Although rare, it is possible that a syndrome very similar to delirium tremens occurs during benzo withdrawal. Widely referred to in the medical world as DTs, delirium tremens is much more closely associated with alcohol withdrawal, but a condition with similar symptoms can occur during benzo withdrawal. Counterintuitively, the most common option for DT treatment in a medical setting is the use of benzodiazepines.
Whether it qualifies as DTs or not, it may cause an individual to experience symptoms such as seizures, hallucinations, uncontrollable shaking, and death if left untreated. DTs is considered a medical emergency and requires immediate care from healthcare professionals; if you believe you are experiencing DTs after trying to quit benzos cold turkey or on your on, seek immediate assistance from first responders or your local emergency room.
How to Detox From Benzos: Options
Individuals who are struggling with a benzo addiction don’t have to put themselves at risk of DTs and other harmful withdrawal symptoms, though. Medical detox for benzodiazepines is possible, and you may have several choices in Florida.
- Home detox under the care of a physician. This usually involves weaning slowly off of benzos. Your doctor will work with you to reduce your prescription over time so you can come off the medication naturally. This may work if you’ve developed a mild dependence after using benzos for some time to manage anxiety or other symptoms.
- Outpatient assistance with detox. In some cases, individuals need a bit more support with their home detox. In addition to working with their doctor, they may also seek outpatient therapy via day programs, support groups or individual therapy sessions.
- Inpatient benzo detox. One of the most proven methods of breaking addiction cycles is via inpatient treatment, which removes distractions and drug triggers and lets you concentrate on getting well and sober. Some benefits of inpatient detox for benzo addiction include having clinical staff always nearby to assist you with withdrawal symptoms and therapeutic staff to help you understand the root causes of substance abuse and addiction so you can develop healthier coping mechanisms.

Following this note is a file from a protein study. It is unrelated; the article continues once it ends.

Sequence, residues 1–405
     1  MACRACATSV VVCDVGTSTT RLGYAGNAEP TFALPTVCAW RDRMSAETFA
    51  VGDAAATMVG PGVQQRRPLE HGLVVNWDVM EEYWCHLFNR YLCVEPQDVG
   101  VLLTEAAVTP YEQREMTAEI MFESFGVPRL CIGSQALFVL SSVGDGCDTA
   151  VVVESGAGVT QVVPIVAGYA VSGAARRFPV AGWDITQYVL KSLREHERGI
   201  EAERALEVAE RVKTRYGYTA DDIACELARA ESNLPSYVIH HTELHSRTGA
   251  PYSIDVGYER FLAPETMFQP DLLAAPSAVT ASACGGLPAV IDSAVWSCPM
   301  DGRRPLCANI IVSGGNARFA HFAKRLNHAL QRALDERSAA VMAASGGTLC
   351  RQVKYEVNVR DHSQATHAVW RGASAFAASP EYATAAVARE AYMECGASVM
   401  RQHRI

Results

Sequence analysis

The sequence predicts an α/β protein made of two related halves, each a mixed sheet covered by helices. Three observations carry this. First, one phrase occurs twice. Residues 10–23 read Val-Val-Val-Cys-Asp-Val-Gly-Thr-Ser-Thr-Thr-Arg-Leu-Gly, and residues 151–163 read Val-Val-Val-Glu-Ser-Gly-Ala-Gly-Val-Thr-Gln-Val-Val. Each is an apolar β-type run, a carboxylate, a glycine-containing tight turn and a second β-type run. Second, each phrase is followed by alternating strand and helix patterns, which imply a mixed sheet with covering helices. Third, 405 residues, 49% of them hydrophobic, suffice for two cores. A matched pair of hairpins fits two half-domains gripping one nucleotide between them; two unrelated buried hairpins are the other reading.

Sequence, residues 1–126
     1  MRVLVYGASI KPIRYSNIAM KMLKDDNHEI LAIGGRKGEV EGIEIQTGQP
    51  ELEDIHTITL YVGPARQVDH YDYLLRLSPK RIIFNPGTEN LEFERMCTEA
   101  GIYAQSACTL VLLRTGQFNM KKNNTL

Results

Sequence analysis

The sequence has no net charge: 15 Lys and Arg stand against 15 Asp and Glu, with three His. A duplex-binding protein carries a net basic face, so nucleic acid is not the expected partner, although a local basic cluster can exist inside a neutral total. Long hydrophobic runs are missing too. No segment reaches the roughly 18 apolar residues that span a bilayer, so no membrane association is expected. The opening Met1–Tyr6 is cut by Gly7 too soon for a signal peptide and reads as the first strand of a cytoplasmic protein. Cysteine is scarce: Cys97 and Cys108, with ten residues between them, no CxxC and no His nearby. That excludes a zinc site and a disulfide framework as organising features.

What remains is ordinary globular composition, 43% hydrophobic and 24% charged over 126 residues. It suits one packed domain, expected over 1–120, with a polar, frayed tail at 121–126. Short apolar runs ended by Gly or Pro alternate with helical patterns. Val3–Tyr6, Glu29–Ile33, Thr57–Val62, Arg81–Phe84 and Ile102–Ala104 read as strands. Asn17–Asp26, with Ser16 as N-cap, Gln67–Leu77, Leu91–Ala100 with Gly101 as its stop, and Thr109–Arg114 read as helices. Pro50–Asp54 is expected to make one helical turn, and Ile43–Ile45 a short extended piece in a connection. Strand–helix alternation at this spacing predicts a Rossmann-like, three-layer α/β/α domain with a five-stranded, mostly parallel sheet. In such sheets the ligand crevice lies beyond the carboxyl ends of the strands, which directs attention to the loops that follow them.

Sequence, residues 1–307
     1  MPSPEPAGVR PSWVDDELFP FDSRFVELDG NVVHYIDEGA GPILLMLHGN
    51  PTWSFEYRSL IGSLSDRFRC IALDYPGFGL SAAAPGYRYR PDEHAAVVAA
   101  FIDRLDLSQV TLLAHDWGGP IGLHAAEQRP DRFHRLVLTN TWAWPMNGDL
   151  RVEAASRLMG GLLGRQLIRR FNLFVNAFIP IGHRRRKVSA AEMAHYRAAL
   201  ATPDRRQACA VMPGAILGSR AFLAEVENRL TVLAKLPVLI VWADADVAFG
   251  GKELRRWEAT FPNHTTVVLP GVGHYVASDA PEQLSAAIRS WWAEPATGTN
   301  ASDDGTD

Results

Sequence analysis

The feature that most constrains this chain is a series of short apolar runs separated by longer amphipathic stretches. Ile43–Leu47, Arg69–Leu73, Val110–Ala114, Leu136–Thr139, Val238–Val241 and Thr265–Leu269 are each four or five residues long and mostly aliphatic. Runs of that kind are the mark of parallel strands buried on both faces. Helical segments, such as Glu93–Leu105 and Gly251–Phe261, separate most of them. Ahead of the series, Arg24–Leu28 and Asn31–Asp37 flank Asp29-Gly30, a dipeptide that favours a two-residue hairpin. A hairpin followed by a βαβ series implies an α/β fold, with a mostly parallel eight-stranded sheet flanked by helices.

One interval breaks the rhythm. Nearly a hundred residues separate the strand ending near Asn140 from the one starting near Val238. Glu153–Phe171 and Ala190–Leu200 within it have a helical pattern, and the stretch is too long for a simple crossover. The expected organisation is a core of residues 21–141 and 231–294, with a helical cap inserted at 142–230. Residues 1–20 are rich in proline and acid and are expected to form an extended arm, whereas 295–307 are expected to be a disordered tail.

What to Look for in an Inpatient Benzo Detox
- A comprehensive assessment process. Your addiction or drug dependency is unique to you, and it’s important to work with a Florida benzo detox program that treats you as an individual and takes the time to understand what you need for detox and recovery.
- Comprehensive support. Medically supervised detox helps keep you safe and comfortable during the first days and weeks of rehab, and that can be critical to success. But you also need access to other forms of therapy, including individual and group therapy, recreational therapy and education about how lifestyle and other changes can support your recovery.
- Ability to treat underlying or co-occurring diagnoses, such as mental health disorders. For example, many people who become addicted to benzos also struggle with anxiety. Look for a Florida benzo detox and rehab facility that can help you with both.
- Treatment plans that include follow-up recommendations and assistance. Search for an inpatient facility that offers outpatient resources or refers you to the right providers and groups so you can continue your recovery journey after being discharged.
Benzo Detox at FHE Health
At FHE Health, we create the most comfortable environment we can for those seeking any of our addiction treatment or detox programs. Patients are supported 24/7 by caring, expert staff, and we work with you from your first call to us into post-recovery follow-up to ensure you have the best chance of breaking free from your dependency on benzos and living a benzo-free life. Contact us today to learn more about how we can help you get through benzo withdrawals and see success with recovery.